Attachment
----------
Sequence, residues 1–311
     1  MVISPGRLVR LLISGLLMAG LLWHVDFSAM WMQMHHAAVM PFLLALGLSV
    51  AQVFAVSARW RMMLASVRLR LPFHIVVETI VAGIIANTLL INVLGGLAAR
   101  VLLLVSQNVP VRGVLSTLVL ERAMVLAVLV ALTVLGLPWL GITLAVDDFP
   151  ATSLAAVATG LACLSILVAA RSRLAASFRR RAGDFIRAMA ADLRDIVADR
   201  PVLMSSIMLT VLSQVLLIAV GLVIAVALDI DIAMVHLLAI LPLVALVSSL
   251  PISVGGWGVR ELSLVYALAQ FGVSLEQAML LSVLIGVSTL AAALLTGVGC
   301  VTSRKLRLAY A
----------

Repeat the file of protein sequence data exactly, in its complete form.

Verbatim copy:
Sequence, residues 1–311
     1  MVISPGRLVR LLISGLLMAG LLWHVDFSAM WMQMHHAAVM PFLLALGLSV
    51  AQVFAVSARW RMMLASVRLR LPFHIVVETI VAGIIANTLL INVLGGLAAR
   101  VLLLVSQNVP VRGVLSTLVL ERAMVLAVLV ALTVLGLPWL GITLAVDDFP
   151  ATSLAAVATG LACLSILVAA RSRLAASFRR RAGDFIRAMA ADLRDIVADR
   201  PVLMSSIMLT VLSQVLLIAV GLVIAVALDI DIAMVHLLAI LPLVALVSSL
   251  PISVGGWGVR ELSLVYALAQ FGVSLEQAML LSVLIGVSTL AAALLTGVGC
   301  VTSRKLRLAY A